Taking this picture was a crime. (No, not because it has some glare, either.)
The tunnels in New York are now festooned with signs saying, "Camera Use Prohibited". (I have a shot of the sign, but it is on film which hasn't yet been developed. I used film and a telephoto, instead of the point-and-shoot digital, because I didn't want to tempt Clotho, Atropos, and Lachesis by taking it up close and personal, what with the cops having a car parked right underneath the sign.) Such a prohibition is, of course, a blatant and egregious violation of the First Amendment and I hope someone takes the city to court over it.
Congress shall make no law respecting an establishment of religion, or prohibiting the free exercise thereof; or abridging the freedom of speech, or of the press; or the right of the people peaceably to assemble, and to petition the Government for a redress of grievances.Bill of Rights, United States Constitution
Illegal restrictions will, of course, do nothing to stop anyone with a van outfitted with a combination of video cameras and still cameras who really wants that footage for some nefarious purpose. And if there is anything we know about terrorists, it is that they can be particularly meticulous and patient. Given that traffic moves at a crawl during rush hour, anyone who really cared could obtain footage of every inch of the tunnel without too many passes and without ever being spotted.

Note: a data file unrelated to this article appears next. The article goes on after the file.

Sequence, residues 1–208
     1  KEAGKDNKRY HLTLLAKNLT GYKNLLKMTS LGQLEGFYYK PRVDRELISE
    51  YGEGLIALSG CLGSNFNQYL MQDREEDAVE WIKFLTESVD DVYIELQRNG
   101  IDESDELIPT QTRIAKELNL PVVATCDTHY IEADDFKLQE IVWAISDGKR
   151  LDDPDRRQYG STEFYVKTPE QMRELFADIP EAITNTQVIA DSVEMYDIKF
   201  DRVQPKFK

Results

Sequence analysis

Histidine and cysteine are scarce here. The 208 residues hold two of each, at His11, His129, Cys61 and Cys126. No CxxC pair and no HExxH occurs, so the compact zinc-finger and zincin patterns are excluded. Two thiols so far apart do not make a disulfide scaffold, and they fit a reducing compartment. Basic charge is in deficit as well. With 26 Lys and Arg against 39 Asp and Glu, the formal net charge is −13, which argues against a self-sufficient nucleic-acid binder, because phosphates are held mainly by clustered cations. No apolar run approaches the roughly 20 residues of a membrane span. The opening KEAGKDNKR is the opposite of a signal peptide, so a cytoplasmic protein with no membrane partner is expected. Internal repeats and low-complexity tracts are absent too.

Anyway, being a stubborn troublemaker, I make it a point to snap pictures inside the tunnel whenever I can. These are not easy shots to take; far from it: I must hold the camera in my left hand — right hand on the wheel — and take the shot without aiming or, in the case of film, focusing. (I prefocus before entering the tunnel.) Oh, and I do all this at forty-five miles per hour, guessing when the sign will appear. Not to worry, my eyes are on the road and I'm plenty far back from the car in front, but putting safety first means I miss a bunch of shots.
This may not be my finest work, but given the awkward circumstances of its birth, I'm quite proud of it; framed and focused is half the battle. When camera use is a crime, only criminals will have cameras.
"And, damn, it feels good to be a gangsta."
— Geto Boys